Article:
A List of Books Read

Every day (well, not EVERY day, but 98% of our school days), Max gets read to.  I plunk down on the couch or in a comfy chair, he grabs his Nerf sword or piles of Lego guys or whatever gadget is close at hand, and we begin the ritual.  I read anywhere from two to five chapters (depending on how gripping the tale is) and Max slays the imaginary demons cavorting about the room; good thing we can’t really see them – we wouldn’t hang around.  Actually, I think he’s past that stage.  I think he’s more into perfecting his moves now as he brandishes the sword.  He takes karate lessons twice a week, so the Kenpo style is becoming sealed in his muscles.  It’s more about form than function right now.

My voice has gotten so much stronger over the past year!  No more raspies – I can read and read and read some more and not experience vocal cord angst.  I’ve also gotten better at lyrical rhythm and have tremendous respect for narrators.  You really have to be present to deliver a great performance!  Sometimes your mind wanders and then the words begin to drone or you stumble over them.

Despite persistent doubts that he is even listening to the story line, Max never fails to surprise me.  He picks up nearly every nuance of the character’s situation as he bounces around the room, sometimes almost out of earshot.  If asked to clarify something, he can clarify in a snap.  For Max, movement is a prerequisite to absorbing something.  Yesterday he devised a game called Trampoline Math wherein we jumped on the trampoline and skip counted the 8’s and 9’s and then drilled the multiplication table back and forth.  Math Catch is also another option.  Both are effective!  Today we tried a repeat performance of Trampoline Math, but it was too cold!  A couple of bounces and we ran for warmer hills.

Since the end of August we’ve covered a fair amount of literature.  Here is a partial list of what has been read with a rating on a scale of 1 to 10 of how much we liked each book.  Ten, of course, means stellar:

9.  Survival story.  Fit into our unit on Cetacea.

10! Same unit.  Really nice look at the life in a humpback whale pod.

7. What’s with Captain Nemo, anyway?  He’s an enigma.

7

4 – we didn’t make it all the way through.  Too cumbersome for our tastes.

10! Jay Hosler is a marvelous author.  Learn about life in a bee hive.

10! Poor Ranofer – what a tormented life.  Somewhat graphic as his brother is abusive, but good prevails over evil in the end.  Fit into the unit on Ancient Egypt.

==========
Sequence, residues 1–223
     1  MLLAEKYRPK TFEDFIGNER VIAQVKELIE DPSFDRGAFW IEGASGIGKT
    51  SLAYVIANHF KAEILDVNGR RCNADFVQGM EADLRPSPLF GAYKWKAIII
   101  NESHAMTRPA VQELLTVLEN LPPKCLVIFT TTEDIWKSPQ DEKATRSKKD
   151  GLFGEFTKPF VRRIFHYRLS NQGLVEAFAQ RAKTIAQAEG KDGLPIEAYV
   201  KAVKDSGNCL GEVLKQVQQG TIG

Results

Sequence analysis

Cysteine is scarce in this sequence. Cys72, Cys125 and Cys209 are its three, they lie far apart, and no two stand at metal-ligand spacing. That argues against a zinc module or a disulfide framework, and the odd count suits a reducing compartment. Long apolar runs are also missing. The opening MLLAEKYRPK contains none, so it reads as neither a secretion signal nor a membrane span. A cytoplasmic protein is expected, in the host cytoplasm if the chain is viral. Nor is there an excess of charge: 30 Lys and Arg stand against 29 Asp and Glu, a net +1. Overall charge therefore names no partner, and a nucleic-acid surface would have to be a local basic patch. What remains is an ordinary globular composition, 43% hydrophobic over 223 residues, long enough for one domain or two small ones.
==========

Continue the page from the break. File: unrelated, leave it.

10++++ The language and imagery in this book is beautiful.

6 – got too confusing after awhile.  Time travel can do that.  Ancient Egypt unit.

5 – eh.  Didn’t love it.

7

9 – cute story

The current read.  It’s good, so maybe an 8.  I think it’s odd that the author is marketing this toward ‘gifted’ children – ALL children have the potential to enjoy this story.  I don’t like labels, except, of course, when they provide nutritional information.

10+++ (seriously, check into these books – so much science and so much fun)

10++++

Love.  10+.

Listened to this as an audio CD from the library.  My voice got a rest!  Max liked this one. 9.

7+.  You get attached to the Canadian goose and the little girl.

10++ GREAT adventure, survival story.  Kept us on the edge of our seats.  Kind of graphic and scary in places.

10+.  Fantastic.  Sweet and sad, so bittersweet.  Happy ending.

7. These are quick reads that hold on to the essence of the original story, plus you get some pictures to help embellish the story line.

8. Good love story.

8.

There are others such as Justin Denzel’s Hunt for the Last Cat, Rick Riordan’s Percy and the Olympians series, some of the Harry Potter books, Robin Hood, etc.

Over the summer I’d like to read the Little House on the Prairie books to him – before he gets older and doesn’t think I should read those too him.  They left such an indelible impression on me about pioneers and their struggles.  Then someday, the James Herriot series will be a must, too (All Creatures Great and Small, All Things Bright and Beautiful, etc.)

I purchased the following book several years ago as a resource to good literature.  It has proven itself time and time again and I highly recommend it as a permanent member of your bookshelf.  The author provides excellent lists of books categorized by age for children through the teen years.  This is definitely one to take to the library with you!  Note that the author maintains a strong Christian slant in her writing; we homeschool in a  secular fashion and have found this book to be quite a wonderful resource of great literature!

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2 Responses

  1. I like the fact that you read outloud to your child still 🙂 Noah (8) reads mostly on his own, nowadays, but I do read SOTW to him and the supplemental books that I get from the library. I love the list of books in your post, I think I might just follow it this summer to keep him off the TV and me from the internet 🙂 Thanks for sharing.

  2. Hi Snoopy! Max hasn’t figured out that he could say ‘no’ to being read to yet, so that’s probably in my favor. He enjoys it, though – I’m sure of it. It’s the first thing he wants to do when we start the school day. There are so many books perfect for this age group – it’s fun to ‘hunt’ for them and see what might be a good match. Have fun reading a loud this summer and good luck staying off of the Internet! That’s a great goal to have :).

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